Rolls Royce takes ‘necessary action’ to offset inflation and supply chain woes

Engine maker Rolls-Royce has said pressures from soaring inflation amid the Ukraine war and supply chain woes are set to continue throughout next year, but said profitability should improve over the final months of 2022.

The group saw underlying operating profits more than halve to £125 million for the first six months of 2022, down from £307 million a year ago.

It said operating margins had been squeezed in the first half, with the “war in Ukraine, inflationary pressures, and supply chain constraints all impacting our business”.

It added: “We expect these issues will persist into 2023 and have been managing our business to address and minimise the impact.”

Engine maker Rolls-Royce has said pressures from soaring inflation amid the Ukraine war and supply chain woes are set to continue throughout next year, but said profitability should improve over the final months of 2022.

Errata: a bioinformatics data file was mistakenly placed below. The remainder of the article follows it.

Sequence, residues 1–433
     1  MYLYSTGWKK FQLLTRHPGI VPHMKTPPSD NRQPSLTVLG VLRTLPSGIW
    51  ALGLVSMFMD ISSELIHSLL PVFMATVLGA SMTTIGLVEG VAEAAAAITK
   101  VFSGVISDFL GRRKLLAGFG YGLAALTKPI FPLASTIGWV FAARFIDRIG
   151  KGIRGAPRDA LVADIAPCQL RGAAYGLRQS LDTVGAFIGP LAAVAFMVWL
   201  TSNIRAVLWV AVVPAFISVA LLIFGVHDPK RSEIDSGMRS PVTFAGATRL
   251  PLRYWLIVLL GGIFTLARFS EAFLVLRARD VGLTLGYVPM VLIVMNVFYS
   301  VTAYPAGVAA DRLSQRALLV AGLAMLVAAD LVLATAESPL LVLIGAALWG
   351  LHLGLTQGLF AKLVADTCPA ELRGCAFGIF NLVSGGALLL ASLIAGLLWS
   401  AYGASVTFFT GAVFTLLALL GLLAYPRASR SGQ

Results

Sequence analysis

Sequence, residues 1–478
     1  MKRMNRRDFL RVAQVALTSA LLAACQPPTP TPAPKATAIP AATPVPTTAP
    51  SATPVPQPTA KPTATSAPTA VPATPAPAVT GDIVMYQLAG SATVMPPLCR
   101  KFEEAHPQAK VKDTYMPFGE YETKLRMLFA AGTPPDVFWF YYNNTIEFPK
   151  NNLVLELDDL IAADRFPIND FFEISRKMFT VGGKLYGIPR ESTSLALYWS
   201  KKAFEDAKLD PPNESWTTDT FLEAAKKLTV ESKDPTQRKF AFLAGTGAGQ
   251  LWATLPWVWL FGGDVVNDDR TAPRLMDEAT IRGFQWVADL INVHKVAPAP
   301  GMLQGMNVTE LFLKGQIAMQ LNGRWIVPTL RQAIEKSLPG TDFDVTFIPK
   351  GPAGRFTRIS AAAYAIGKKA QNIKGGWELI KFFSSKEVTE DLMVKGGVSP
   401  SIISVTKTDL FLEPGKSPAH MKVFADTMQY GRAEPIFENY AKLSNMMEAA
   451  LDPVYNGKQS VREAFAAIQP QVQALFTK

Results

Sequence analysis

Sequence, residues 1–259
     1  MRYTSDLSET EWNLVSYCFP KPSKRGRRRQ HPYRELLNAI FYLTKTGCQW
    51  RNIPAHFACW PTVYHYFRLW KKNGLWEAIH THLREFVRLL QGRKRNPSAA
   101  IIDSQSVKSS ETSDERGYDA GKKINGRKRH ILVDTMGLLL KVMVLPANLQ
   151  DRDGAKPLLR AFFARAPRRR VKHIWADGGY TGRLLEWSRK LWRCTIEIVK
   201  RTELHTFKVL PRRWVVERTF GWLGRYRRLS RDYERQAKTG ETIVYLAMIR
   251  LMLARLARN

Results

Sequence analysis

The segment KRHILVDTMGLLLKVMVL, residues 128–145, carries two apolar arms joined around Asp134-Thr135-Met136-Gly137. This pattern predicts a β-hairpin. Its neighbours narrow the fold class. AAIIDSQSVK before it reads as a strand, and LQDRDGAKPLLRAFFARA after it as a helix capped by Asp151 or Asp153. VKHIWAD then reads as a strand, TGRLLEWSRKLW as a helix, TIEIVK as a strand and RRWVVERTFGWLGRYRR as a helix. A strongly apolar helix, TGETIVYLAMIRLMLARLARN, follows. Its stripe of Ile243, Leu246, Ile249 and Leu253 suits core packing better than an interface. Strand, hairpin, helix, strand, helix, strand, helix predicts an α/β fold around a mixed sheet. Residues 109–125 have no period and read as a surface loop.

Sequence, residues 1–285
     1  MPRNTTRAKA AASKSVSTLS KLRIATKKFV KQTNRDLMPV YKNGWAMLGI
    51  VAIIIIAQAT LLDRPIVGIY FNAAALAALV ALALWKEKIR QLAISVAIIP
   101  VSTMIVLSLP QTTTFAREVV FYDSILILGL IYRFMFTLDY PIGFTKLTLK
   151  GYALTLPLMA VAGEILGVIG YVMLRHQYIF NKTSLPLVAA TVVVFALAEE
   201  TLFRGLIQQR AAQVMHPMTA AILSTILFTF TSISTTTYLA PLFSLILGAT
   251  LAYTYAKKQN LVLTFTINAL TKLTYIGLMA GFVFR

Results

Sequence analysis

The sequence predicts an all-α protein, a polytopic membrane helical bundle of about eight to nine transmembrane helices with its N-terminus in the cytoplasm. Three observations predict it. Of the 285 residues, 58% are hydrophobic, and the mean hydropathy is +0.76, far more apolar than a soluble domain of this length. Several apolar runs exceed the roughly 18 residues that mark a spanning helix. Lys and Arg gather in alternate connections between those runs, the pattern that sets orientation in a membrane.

But the group said margins are set to improve over the second half of the year as it kept its full-year guidance unchanged, with a boost from the recovery in the airline sector and higher flight demand.

Engine flying hours – a key performance measure – have now reached 60% of pre-pandemic levels, helping the group sharply narrow cash outflows by £1.1 billion and it said it is set to become cash flow positive over the year as a whole.

The half-year results showed revenues lifted to £5.6 billion from £5.2 billion a year earlier.

Rolls chief executive Warren East said the group had taken “lots of necessary actions” to manage soaring costs and wider challenges, including by keeping a tight rein on costs, increasing contract pricing where able and boosting inventory to overcome supply issues.

Mr East, who is due to leave the firm at the end of year, said: “We are actively managing the impacts of a number of challenges, including rising inflation and ongoing supply chain disruption, with a sharper focus on pricing, productivity and costs.”

The group said it also faced some staffing issues, particularly for experienced engineers, amid a tough global recruitment market, and is taking action to “attract, train and retain talent”.

The results showed that on a statutory basis, Rolls slumped to a loss of £1.6 billion from profits of £394 million a year ago as its bottom line was impacted by hefty net financing costs.